Where other modern indie artists act disinterested on stage, Annie Clark, known by her stage name St. Vincent, puts on a show. Not content with simply standing and singing a couple of songs, her performances routinely feature multitudes of elaborate costumes, improvisation, and sets straight out of a horror movie. Her Saturday night stop in her hometown of Dallas was no different and saw the art-pop icon shifting through her various eras and styles in one amazing night of music.
Clark opened with a set of her older material before performing 2017’s “MASSEDUCTION” in its entirety. While this may seem like a cheap move to appease older fans, updated arrangements put the classic songs in a new light. A minimalist version of the lush “Now, Now” turns the song into something extremely eerie, while songs from her darkest, noisiest album “Actor” practically became Beach Boys-esque when gorgeously transposed into a major key. The different arrangements occasionally hindered the work, however, as “Rattlesnake,” one of her most energetic songs, became less so without a live band. Unlike the band Car Seat Headrest, with their pointless, recently re-recorded version of an older album, St. Vincent’s previous music has evolved over the years in the best way possible. One can only hope she releases a live album with these new versions.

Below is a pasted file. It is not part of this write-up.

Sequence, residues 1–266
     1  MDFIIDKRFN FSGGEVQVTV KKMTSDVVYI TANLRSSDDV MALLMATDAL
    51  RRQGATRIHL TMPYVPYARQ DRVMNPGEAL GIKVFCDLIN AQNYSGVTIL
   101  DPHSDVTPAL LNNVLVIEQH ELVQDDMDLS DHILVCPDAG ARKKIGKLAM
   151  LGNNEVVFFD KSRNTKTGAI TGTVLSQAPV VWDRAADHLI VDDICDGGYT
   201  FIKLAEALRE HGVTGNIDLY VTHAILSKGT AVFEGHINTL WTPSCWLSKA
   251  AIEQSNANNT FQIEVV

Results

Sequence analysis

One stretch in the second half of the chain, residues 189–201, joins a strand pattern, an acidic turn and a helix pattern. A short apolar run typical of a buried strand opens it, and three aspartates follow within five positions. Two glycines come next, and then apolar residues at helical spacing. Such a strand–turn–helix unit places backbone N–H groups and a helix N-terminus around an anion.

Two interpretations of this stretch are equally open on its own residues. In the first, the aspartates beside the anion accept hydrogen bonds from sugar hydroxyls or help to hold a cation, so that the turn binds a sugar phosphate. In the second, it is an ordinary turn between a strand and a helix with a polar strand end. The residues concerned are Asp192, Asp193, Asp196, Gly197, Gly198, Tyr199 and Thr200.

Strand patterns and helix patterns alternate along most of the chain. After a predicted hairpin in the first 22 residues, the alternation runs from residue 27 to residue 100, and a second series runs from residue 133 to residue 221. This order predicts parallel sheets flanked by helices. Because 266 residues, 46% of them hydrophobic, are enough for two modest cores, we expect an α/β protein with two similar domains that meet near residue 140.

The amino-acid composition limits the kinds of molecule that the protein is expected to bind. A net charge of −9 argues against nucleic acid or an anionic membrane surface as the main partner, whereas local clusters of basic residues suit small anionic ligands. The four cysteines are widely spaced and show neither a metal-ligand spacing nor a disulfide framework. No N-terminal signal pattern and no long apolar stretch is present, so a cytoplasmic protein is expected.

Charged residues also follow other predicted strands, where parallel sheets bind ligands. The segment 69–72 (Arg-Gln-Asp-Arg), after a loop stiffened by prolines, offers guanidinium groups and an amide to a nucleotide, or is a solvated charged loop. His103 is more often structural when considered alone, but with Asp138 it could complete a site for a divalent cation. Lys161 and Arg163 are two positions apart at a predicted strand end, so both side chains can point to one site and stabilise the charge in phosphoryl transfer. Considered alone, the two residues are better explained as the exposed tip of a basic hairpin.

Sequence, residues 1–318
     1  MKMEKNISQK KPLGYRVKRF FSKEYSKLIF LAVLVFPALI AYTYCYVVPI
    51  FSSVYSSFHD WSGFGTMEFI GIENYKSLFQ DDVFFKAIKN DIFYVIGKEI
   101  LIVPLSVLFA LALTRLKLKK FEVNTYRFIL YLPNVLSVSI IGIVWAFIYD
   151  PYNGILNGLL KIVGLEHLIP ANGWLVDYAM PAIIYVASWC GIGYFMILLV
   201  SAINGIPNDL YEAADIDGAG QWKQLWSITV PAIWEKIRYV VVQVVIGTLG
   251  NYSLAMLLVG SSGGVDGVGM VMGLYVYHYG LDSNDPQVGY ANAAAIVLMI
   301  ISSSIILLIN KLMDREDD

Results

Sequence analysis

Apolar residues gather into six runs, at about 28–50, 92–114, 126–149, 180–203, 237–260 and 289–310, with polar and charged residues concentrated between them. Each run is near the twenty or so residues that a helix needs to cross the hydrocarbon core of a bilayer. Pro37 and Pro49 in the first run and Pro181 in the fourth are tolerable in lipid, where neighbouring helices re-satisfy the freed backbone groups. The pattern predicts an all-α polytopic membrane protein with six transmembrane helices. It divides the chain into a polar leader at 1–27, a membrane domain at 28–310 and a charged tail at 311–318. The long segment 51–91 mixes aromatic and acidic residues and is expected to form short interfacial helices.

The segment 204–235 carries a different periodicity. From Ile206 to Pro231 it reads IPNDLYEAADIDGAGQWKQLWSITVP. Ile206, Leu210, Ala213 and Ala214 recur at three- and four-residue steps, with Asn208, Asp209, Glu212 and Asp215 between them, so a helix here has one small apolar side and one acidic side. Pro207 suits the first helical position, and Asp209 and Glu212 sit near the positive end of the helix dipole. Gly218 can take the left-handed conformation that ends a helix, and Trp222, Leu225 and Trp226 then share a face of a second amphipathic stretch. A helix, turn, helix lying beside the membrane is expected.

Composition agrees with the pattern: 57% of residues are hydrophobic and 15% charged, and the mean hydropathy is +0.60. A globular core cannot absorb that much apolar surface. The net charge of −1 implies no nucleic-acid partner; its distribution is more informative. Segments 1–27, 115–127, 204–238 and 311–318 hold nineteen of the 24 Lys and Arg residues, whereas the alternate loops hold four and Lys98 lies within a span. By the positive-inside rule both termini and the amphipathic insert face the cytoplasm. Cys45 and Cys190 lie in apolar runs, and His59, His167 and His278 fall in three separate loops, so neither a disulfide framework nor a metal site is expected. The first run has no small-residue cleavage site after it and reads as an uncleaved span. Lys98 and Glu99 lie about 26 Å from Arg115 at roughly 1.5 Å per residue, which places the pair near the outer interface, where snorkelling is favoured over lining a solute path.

As wonderful as her previous albums are, the real highlight of the night was the “MASSEDUCTION” material. With guitar changes between nearly every song and regular costume changes, the songs energized the crowd and turned the room into one large dance party. Even the songs that don’t sound great on the album (namely “Fear The Future”) came alive in this setting, with Clark’s guitar skills proving to be sharp as ever. The visual accompaniments were truly stunning as well, telling a story of sorts on their own by basing themselves on concept art from the album. St. Vincent is the rare artist whose fascination with aesthetics doesn’t overshadow their songwriting ability, and the two collided beautifully on Saturday night.
In an age where concert tickets are exponentially increasing in price and many artists no longer feel compelled to do anything special for an audience, it’s refreshing to see someone who truly puts her all into a live performance.